The following abstract presents results of a study conducted by a contract laboratory for the National Toxicology Program. The findings may not have been peer reviewed and were not evaluated in accordance with the levels of evidence criteria established by NTP in March 2009. For more information, see the Explanation of Levels of Evidence for Developmental Toxicity. The findings and conclusions for this study should not be construed to represent the views of NTP or the U.S. Government.
1,4-Butanediol was evaluated for developmental toxicity due to its widespread use in chemical manufacturing, its structural similarity to ethylene glycol (a developmental toxicant in rodents) and its potential pharmaceutical uses. 1,4-Butanediol (0, 100, 300 or 600 mg/kg/day ) in aqueous solution was administered by gavage on gestational days 6 through 15 to timed-pregnant Swiss albino (CD-1 ) mice (28-32 per group). Maternal body weights, food and water consumption, and clinical signs were monitored at regular intervals throughout gestation. At termination (gd 17), the number of resorptions, and dead or live fetuses were recorded. Live or dead fetuses were weighed. Live fetuses were sexed and examined for external, visceral and skeletal malformations.
No maternal deaths occurred in this study. The low dose (100 mg/kg/day ) produced no significant maternal effects. In contrast, acute symptoms of intoxication (hypoactivity, immobility, loss of righting reflex, and/or prone posture) were observed after daily administration of 300 or 600 mg/kg/day 1,4-butanediol. Symptoms of intoxication resolved within 4 hours after each treatment. and tolerance did not appear to develop across ten days of treatment. Other expressions of maternal toxicity included significant reductions of body weight on gd 12 and 17 (mid dose) or gd 9-17 (high dose). Maternal body weight gains were significantly reduced in the mid- and high-dose groups as follows: weight gain during treatment (gd 6 to 15), weight gain during gestation (gd 0 to 17), and gestational weight gain corrected for gravid uterine weight. Mid and high-dose dams also showed significantly reduced food intake (g/kg/day) throughout both the treatment period (gd 6 to 15) and the post-treatment period (gd 15 to 17). Maternal water intake was not affected. Absolute maternal liver weight was decreased at the mid- and high-doses and absolute maternal kidney weight was decreased at the high dose. Relative maternal liver and kidney weights (% body weight on gd 17) were unaffected by 1,4-butanediol exposure.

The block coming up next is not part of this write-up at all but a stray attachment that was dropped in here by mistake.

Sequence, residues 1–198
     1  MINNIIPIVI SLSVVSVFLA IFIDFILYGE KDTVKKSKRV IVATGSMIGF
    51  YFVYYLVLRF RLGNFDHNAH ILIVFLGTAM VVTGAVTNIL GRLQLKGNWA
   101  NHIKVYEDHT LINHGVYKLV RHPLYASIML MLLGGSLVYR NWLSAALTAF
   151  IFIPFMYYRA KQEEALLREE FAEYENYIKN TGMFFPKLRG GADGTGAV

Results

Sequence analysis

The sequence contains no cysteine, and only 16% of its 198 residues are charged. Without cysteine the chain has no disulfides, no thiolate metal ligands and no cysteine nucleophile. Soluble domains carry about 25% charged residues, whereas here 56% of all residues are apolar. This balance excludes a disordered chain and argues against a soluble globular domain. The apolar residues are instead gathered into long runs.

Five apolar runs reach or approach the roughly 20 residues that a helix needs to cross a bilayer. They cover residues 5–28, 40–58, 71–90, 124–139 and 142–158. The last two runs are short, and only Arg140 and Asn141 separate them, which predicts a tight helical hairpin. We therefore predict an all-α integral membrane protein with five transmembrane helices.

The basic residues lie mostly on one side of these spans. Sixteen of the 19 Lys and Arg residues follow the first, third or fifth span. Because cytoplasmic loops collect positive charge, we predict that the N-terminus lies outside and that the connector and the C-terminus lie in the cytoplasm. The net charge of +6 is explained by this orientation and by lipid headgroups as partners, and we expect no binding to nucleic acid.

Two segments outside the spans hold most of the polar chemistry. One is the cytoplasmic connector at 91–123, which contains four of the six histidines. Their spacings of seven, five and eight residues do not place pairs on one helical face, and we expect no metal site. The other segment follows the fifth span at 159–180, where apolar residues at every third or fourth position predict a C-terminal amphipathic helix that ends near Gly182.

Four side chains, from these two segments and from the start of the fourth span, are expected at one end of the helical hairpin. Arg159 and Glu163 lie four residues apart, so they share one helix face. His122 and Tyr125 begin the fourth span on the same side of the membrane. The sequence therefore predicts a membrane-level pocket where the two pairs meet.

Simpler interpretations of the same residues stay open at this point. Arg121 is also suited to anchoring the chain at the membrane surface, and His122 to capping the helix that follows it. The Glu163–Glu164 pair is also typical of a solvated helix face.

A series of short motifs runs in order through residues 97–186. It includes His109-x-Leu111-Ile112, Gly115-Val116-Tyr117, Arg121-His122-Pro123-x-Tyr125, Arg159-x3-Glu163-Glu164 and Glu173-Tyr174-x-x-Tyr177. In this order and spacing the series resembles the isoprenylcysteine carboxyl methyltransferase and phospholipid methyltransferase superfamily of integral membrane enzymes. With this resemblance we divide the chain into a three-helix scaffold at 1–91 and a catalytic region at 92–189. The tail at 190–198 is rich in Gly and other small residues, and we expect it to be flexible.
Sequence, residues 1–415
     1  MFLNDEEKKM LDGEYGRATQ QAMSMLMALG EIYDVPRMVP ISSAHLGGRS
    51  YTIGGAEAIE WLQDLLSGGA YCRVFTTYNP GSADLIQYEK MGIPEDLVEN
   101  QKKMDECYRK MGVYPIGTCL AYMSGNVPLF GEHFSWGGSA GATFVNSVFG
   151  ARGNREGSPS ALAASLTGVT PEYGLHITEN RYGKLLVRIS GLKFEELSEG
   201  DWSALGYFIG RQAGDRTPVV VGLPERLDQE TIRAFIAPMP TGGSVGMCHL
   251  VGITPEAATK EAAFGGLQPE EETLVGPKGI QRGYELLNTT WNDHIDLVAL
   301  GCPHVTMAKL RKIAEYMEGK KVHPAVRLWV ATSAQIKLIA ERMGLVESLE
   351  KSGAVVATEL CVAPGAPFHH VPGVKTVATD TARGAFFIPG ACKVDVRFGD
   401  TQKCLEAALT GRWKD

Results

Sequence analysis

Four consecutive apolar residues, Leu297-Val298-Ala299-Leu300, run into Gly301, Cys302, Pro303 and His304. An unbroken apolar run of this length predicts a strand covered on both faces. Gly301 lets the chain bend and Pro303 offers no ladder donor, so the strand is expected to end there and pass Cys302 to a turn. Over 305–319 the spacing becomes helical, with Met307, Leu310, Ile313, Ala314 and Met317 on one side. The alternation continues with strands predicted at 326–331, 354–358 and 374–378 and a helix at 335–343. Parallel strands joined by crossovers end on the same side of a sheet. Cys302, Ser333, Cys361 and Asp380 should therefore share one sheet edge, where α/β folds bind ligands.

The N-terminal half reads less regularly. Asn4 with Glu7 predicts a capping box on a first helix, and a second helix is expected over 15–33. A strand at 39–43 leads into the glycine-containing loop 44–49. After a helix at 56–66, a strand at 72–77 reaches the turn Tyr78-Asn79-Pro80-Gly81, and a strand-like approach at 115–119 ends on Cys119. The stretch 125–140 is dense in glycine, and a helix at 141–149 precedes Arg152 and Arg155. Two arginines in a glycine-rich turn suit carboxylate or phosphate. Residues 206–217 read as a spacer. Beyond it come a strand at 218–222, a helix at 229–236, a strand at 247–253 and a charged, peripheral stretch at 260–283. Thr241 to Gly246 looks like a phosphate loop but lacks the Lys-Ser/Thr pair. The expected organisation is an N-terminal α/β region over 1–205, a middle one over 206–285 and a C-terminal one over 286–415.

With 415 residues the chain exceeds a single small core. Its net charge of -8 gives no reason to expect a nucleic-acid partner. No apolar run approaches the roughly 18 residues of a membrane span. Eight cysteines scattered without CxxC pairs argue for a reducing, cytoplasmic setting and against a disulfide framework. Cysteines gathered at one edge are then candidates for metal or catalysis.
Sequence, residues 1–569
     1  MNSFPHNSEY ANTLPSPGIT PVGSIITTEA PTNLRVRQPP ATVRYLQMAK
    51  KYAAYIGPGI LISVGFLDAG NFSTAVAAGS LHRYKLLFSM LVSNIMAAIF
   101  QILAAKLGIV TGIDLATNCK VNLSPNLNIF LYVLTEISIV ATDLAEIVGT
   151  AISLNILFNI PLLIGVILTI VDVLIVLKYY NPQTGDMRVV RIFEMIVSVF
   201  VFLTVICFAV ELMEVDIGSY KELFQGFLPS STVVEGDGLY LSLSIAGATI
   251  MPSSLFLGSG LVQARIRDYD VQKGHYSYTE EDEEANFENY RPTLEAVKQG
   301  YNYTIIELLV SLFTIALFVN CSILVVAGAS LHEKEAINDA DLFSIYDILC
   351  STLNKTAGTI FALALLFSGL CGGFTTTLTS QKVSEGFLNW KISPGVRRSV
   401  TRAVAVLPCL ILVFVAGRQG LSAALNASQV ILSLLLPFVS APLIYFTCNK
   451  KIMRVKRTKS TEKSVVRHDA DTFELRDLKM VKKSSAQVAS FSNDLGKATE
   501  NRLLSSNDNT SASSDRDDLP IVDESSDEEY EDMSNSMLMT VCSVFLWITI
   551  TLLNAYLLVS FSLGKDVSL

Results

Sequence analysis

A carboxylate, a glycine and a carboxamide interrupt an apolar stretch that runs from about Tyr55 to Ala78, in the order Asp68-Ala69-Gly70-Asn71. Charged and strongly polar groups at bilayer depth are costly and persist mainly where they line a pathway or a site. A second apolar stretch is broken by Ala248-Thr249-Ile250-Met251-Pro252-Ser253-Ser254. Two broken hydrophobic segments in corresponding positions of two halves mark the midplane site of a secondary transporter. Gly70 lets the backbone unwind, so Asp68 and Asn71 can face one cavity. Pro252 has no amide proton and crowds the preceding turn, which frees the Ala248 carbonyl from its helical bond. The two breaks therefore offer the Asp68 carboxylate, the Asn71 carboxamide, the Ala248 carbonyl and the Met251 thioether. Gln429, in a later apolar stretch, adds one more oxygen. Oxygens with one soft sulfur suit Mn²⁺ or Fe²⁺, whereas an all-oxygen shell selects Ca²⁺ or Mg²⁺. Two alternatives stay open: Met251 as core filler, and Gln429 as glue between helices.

Developmental toxicity was expressed primarily as a significant reduction in live fetal body weight per litter (92% and 83% of controls in the mid and high-dose groups, respectively). While the incidence of resorptions was comparable across groups, a decreasing trend was observed for the percent late fetal deaths per litter, and the percentage of litters with one or more late fetal deaths was actually lower at 300 and 600 mg/kg/day . The incidence of fetuses with external (gross) or visceral malformations was comparable across groups, but an increasing trend was observed for the percent fetuses with skeletal malformations per litter and for the percentage of litters with one or more skeletally malformed fetuses. The most frequently observed skeletal defects observed in the high dose group were fused, missing or branched ribs and fused thoracic vertebrae (fused centra or arches).
In summary, 100 mg/kg/day 1,4-butanediol was a no-observed-adverse-effect-level for maternal and developmental toxicity. Dams exposed to 300 or 600 mg/kg/day exhibited sedation, decreased food intake during and after treatment and decreased body weight gain. A trend toward decreased late fetal death was observed, but the cumulative incidence of post-implantation mortality (resorptions plus late fetal deaths) was not altered by exposure to 1,4-butanediol. Developmental toxicity was expressed primarily as decreased fetal body weight at 300 and 600 mg/kg/day, with a trend toward increased skeletal defects at 600 mg/kg/day.